Neighborhood covered in fall leaves.

Come One, Come Fall! Seasonal Prep for Your Specific Climate

By BreAnn Stephenson

Fall is the seasonal icon of change with its glorious color shifts. However, burst pipes or a fallen tree could cause a serious interruption to family time and create a sudden financial burden as you head into the holidays. Some weather-related losses can be easily prevented by carefully considering your property’s climate as you make your maintenance plan – especially if you invest in other states. Your property manager will need to be on their game too. Let’s look at some of the typical risks cooler temperatures bring and how preparing for fall can help you battle the elements year-round, no matter where your properties fall on the map.

No surprise: The chief weather concern for the majority of the U.S. during fall is colder temperatures.

Depending upon how far north or south you are, or your elevation, frosts, freezes and hard freezes will occur on varied timelines. By the weekend, Kansas City will experience one of its first freezes for the year, while Daytona, FL is only experiencing lows in the 50’s, for example. For this reason, it is helpful to know what constitutes a frost, freeze and hard freeze so you can get ahead of the weather for your specific area. The National Weather Service defines them as follows:

  • Frost: “Frost occurs when there is a solid deposition of water vapor from the air. Frost will form when solid surfaces are cooled below the dew point.” During a frost, minor damage to plants can occur.
  • Freeze: “Freeze occurs when the air temperature drops to 32° or lower.” Freezes can cause significant damage to many unprotected plants, especially if the freeze lasts several hours.
  • Hard Freeze: “Hard freeze occurs when the temperature reaches 28° or lower for at least a few hours.” Many types of plants and most seasonal vegetation won’t survive a hard freeze.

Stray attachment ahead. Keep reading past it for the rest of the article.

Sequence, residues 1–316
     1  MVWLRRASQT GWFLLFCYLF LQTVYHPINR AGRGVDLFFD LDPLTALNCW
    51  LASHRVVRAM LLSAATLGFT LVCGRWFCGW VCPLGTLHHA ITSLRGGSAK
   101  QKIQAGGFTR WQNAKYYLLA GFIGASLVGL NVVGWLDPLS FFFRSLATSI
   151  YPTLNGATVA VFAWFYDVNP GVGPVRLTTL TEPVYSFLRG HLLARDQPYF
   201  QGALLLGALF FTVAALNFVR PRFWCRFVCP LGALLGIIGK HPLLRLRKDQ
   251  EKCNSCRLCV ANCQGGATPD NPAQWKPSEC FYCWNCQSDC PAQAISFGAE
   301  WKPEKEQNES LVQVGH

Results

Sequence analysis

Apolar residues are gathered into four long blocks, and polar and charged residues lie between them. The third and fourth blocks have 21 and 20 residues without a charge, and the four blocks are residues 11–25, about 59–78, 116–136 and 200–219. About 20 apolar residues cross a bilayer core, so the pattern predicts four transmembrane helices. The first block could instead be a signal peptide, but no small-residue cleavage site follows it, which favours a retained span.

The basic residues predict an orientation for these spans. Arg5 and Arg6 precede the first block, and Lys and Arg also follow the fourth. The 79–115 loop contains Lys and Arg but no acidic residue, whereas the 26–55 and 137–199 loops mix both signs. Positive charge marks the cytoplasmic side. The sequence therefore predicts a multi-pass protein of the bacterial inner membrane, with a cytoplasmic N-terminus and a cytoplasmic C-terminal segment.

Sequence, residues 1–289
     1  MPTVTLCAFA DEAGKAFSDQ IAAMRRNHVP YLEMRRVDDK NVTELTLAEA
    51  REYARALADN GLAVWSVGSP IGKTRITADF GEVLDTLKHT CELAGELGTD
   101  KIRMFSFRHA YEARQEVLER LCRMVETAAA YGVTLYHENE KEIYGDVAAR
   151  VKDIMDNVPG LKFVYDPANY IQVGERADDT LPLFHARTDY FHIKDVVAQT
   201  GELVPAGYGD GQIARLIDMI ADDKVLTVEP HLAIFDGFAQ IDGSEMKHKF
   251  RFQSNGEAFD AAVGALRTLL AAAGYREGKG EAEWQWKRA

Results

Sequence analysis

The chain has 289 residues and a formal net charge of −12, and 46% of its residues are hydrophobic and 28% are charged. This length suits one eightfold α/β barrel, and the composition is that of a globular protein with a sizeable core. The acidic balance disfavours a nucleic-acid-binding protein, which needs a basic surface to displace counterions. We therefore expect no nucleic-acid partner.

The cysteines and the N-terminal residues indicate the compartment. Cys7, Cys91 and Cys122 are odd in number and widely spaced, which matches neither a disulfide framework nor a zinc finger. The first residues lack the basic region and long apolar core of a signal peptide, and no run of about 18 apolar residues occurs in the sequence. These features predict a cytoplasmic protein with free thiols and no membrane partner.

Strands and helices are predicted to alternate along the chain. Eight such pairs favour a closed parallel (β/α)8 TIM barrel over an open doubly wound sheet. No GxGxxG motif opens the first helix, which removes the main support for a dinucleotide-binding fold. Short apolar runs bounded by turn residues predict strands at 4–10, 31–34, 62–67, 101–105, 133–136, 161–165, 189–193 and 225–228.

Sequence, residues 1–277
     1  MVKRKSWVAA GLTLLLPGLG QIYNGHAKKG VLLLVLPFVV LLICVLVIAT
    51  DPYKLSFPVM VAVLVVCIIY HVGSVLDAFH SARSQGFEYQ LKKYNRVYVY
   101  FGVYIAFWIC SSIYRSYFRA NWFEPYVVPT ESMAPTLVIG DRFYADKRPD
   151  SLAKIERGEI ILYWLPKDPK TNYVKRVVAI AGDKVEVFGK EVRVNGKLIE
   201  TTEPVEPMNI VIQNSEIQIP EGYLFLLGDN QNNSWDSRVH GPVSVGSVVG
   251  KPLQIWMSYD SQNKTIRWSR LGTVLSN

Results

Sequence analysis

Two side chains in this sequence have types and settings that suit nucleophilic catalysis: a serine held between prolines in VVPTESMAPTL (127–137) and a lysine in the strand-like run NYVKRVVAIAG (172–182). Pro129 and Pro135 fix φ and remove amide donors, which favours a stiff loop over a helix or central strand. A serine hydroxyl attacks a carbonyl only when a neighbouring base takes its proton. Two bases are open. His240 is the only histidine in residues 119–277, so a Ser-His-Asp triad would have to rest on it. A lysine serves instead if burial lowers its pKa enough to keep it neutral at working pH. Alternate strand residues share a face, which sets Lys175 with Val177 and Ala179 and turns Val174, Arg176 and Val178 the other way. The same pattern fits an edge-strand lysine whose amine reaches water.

We’ll talk more about where you can get specific timelines for first and last frosts in your area a little bit later. For now, let’s talk about some of the most common losses you’ll need to prepare for as temperatures start to drop.

2 Frozen “Delights”: Frozen Pipes & Ice Dams

Who doesn’t love a good frozen dessert? They may be tasty, but if you eat them too quickly you can get a brain freeze. Here are a couple of quick tips to help you avoid a cold headache at your property.

PREVENTING FROZEN PIPES

Frozen pipes aren’t a problem…until they fail and allow thousands of gallons of water to go rushing into your property. Thankfully, they are also easy to prevent.

  1. Winterize your vacant properties – Shut off the water at the street and drain your plumbing system. Pouring environmentally safe, biodegradable antifreeze in each of the drains can keep your p-traps, toilets, sinks and tubs from costly damage. Leave the heat to at least 55 degrees – or higher in cold snaps. If you don’t feel comfortable doing a full winterization, it is very simple for a professional.
  2. Protect occupied properties – Insulate any pipes that are on exterior walls. Instruct tenants to open cabinets during cold snaps to let warmer air circulate into those areas. Leaving faucets on a slow drip may also keep the water moving enough to prevent a freeze.

PREVENTING ICE DAMS

Ice Dams are the result of a poorly insulated attic. Snow on the surface of the roof melts and then quickly freezes, putting a heavier load on your roof. As the ice melts it can seep into soffits and down interior walls, causing paint damage, and if the ice is heavy enough, it may even cause a collapse. What’s the remedy?

  1. Seal up any air leaks in your attic. Check near eves and where ceiling heights change. Any place where two surfaces create a joint can present an opportunity for water leaks from ice dams.
  2. Evaluate your insulation. The recommended amount of insulation varies depending upon your property’s geographic location, so know the code standards in your area and insulate accordingly.
  3. Properly vent your roof. To prevent heat build-up and encourage air movement, vent the underside of your roof deck. The vents also help eliminate excess moisture that causes mold or other health hazards.

Related Reading: Minimizing Water Woes this Fall

What other risks do colder temperatures present?

FIRES

According to the National Fire Protection Association, more house fires occur in the months of December, January and February than any other time of year.

Heating Appliances – Dust buildup creates a fire hazard, so clean HVAC systems at least twice a year. Ensuring your tenants have proper heat can also keep them from using the stove or other dangerous methods to stay warm. Using the oven to heat the home has led to many house fires as have space heaters. If your lease permits space heaters, they should be plugged directly into the outlet, not into an extension cord and have an auto shut-off in case they tip over. Also, tenants should keep three feet of clear space around them.